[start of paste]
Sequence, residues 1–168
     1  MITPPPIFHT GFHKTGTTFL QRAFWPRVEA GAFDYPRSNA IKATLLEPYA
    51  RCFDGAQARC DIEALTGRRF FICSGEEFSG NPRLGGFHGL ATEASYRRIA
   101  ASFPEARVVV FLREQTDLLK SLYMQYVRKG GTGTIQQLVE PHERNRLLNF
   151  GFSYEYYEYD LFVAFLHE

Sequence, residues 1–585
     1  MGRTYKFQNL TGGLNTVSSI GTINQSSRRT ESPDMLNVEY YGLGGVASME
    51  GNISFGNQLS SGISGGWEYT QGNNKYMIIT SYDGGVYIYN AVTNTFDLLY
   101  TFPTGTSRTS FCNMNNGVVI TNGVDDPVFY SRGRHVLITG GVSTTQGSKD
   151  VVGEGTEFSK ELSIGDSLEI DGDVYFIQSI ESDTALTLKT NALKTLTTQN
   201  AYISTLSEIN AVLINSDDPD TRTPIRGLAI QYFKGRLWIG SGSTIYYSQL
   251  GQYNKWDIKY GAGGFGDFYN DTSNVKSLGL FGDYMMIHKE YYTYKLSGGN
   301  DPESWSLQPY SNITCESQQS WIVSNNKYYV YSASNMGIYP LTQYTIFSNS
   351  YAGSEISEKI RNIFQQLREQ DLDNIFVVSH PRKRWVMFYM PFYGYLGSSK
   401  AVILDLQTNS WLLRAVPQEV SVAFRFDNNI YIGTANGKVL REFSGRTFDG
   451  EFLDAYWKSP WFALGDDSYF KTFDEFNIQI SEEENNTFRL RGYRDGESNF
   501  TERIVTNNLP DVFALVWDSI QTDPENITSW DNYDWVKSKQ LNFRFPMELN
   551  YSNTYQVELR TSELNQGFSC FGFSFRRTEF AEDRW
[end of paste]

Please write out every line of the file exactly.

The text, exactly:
Sequence, residues 1–168
     1  MITPPPIFHT GFHKTGTTFL QRAFWPRVEA GAFDYPRSNA IKATLLEPYA
    51  RCFDGAQARC DIEALTGRRF FICSGEEFSG NPRLGGFHGL ATEASYRRIA
   101  ASFPEARVVV FLREQTDLLK SLYMQYVRKG GTGTIQQLVE PHERNRLLNF
   151  GFSYEYYEYD LFVAFLHE

Sequence, residues 1–585
     1  MGRTYKFQNL TGGLNTVSSI GTINQSSRRT ESPDMLNVEY YGLGGVASME
    51  GNISFGNQLS SGISGGWEYT QGNNKYMIIT SYDGGVYIYN AVTNTFDLLY
   101  TFPTGTSRTS FCNMNNGVVI TNGVDDPVFY SRGRHVLITG GVSTTQGSKD
   151  VVGEGTEFSK ELSIGDSLEI DGDVYFIQSI ESDTALTLKT NALKTLTTQN
   201  AYISTLSEIN AVLINSDDPD TRTPIRGLAI QYFKGRLWIG SGSTIYYSQL
   251  GQYNKWDIKY GAGGFGDFYN DTSNVKSLGL FGDYMMIHKE YYTYKLSGGN
   301  DPESWSLQPY SNITCESQQS WIVSNNKYYV YSASNMGIYP LTQYTIFSNS
   351  YAGSEISEKI RNIFQQLREQ DLDNIFVVSH PRKRWVMFYM PFYGYLGSSK
   401  AVILDLQTNS WLLRAVPQEV SVAFRFDNNI YIGTANGKVL REFSGRTFDG
   451  EFLDAYWKSP WFALGDDSYF KTFDEFNIQI SEEENNTFRL RGYRDGESNF
   501  TERIVTNNLP DVFALVWDSI QTDPENITSW DNYDWVKSKQ LNFRFPMELN
   551  YSNTYQVELR TSELNQGFSC FGFSFRRTEF AEDRW